The International Potluck: An Integrated-Skills Cross-Cultural ActivityTerry N. Williams
williamst [at] gactr.uga.edu
American Language Program, University of Georgia (Athens, GA, USA)
How can teachers encourage students to use the language they are studying? One way is to create a situation allowing for an authentic exchange of information that is truly interesting to the students. Everyone is interested in food. Some people enjoy cooking, but everyone enjoys eating. By organizing an international potluck, a teacher provides students with an opportunity to use English in an informal setting and to learn about their classmates' cultures.
To set the stage for the activity, the teacher first introduces the idea of a potluck, a dinner party in which the guests all bring food to share. The students work in small cultural or national groups to list typical dishes from their country. From the list, each group selects one or two dishes to prepare. In making their selection, the students must consider the availability of ingredients and any dietary restrictions class members may have.
Next, the teacher distributes sample recipes to illustrate the appropriate format and writes food preparation terms on the blackboard. Food preparation vocabulary always generates lively discussion and pantomime. The teacher or students act out, for example, chopping, mincing, slicing, beating, or pouring, plus discuss the differences among boiling, frying, baking, or broiling. As a group homework assignment, the students write the recipes for the dishes selected. The recipes are peer reviewed, edited, and word processed.
On the day before the dinner, the students divide among themselves shopping for ingredients and preparing the food. Some students living in dormitories may not have access to cooking facilities, so the food may need to be prepared at the time of the dinner. If this is the situation, having the dinner in a place with kitchen facilities is necessary.
On the day of the dinner, the teacher and students gather at a specified location to prepare the food and share it. They talk, eat, play games, and listen to music. As a final project, the recipes are photocopied, compiled in booklet form, and distributed to the class.
Below are sample recipes from one class's potluck.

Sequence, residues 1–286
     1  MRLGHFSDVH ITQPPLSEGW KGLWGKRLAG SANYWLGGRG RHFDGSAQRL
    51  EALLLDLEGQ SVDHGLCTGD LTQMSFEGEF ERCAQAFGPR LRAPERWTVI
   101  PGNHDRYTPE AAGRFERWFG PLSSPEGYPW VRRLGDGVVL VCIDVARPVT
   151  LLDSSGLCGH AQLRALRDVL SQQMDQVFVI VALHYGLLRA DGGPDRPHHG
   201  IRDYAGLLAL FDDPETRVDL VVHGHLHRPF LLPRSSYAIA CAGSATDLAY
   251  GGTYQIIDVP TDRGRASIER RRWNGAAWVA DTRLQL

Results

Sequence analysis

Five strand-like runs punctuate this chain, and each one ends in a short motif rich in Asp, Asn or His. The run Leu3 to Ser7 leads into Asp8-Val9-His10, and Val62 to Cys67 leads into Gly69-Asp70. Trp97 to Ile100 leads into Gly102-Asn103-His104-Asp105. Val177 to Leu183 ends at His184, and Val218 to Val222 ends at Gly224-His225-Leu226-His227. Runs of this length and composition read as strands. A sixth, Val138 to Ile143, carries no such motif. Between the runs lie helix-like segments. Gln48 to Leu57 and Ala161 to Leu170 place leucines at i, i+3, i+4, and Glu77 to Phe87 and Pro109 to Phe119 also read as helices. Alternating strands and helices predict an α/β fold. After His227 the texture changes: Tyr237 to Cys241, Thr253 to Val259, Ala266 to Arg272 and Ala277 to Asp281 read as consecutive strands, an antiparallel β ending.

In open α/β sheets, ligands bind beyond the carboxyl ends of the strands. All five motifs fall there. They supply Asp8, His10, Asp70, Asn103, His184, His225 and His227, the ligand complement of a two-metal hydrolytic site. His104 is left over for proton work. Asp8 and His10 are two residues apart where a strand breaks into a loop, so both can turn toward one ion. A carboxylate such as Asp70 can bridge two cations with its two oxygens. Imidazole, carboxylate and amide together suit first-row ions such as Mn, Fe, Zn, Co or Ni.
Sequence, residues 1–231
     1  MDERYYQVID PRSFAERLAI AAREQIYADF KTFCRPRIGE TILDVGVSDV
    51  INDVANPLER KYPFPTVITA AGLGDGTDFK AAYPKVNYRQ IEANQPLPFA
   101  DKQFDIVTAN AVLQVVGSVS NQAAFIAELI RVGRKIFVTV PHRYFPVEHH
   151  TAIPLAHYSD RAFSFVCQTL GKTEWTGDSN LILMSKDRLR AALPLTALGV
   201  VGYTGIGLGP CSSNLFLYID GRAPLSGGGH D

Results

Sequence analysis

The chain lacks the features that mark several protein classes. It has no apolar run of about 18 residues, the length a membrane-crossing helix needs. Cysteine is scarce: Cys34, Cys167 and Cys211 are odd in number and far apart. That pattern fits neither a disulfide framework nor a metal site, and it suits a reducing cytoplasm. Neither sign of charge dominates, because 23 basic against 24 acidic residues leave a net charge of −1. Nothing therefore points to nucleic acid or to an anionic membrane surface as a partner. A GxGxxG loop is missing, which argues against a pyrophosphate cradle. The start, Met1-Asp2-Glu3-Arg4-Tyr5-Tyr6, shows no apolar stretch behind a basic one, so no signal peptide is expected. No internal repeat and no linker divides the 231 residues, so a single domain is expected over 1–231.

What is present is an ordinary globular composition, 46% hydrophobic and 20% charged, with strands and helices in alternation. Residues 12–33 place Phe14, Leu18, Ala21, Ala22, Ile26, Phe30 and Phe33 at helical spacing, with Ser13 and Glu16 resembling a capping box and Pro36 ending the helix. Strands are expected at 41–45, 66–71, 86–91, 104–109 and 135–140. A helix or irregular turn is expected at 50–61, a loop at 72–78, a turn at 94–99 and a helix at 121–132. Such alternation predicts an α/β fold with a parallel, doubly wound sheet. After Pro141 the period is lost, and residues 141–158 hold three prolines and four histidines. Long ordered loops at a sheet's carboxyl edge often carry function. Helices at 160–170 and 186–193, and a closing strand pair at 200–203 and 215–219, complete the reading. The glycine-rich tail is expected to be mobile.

(By Katsufumi Okura-- Japan)
- One half large onion
- 4 heaping tablespoons miso
- One half large carrot
- 2 tablespoons dashi flakes
- One half potato
- 1 quart of water
- 8 oz. tofu
- 2 green onions
First, chop vegetables. Slice tofu into half-inch cubes. Bring water to a boil. Add vegetables
(except green onions). Cook on low heat for 20-30 minutes. Add remaining ingredients. Stir
(By Sang Yong Choi, Byung Il Lee, Dae-Kyu Lee, and Kang Ho Lee--Korea)
- 2 cups water
- some mushrooms
- 2 eggs
- 1 onion
- 1 tsp. salt
- 2 c. flour
- some kim-chi
Cut kim-chi into slices. Chop the onion and mushrooms. Break eggs and stir in a bowl. Mix the
kim-chi, the onion, mushrooms, and flour with 2 cups water. Fry.
(By Ivana Spir, Juliane Reali, and Sergio Pinto--Brazil)
- 1 can of condensed milk
- 2 tablespoons of chocolate powder
- 1 tablespoon of margarine
- 1 bag granulated chocolate
Melt the margarine. Add the condensed milk and the chocolate powder. Stir constantly until it becomes a paste and doesn't stick to the pan. Pour into a moist bowl, and sprinkle a full bag of granulated chocolate on top.
What do the students learn through this activity? Planning the menu, they learn about dietary restrictions; for example, Muslims do not eat pork. Writing the recipes, the students review imperative verb forms and practice describing a process. They also learn vocabulary related to food preparation. Sharing food, they share cultural information. Most importantly, the students spend a full afternoon or evening speaking English in an informal setting.
The Internet TESL Journal, Vol. IV, No. 12, December 1998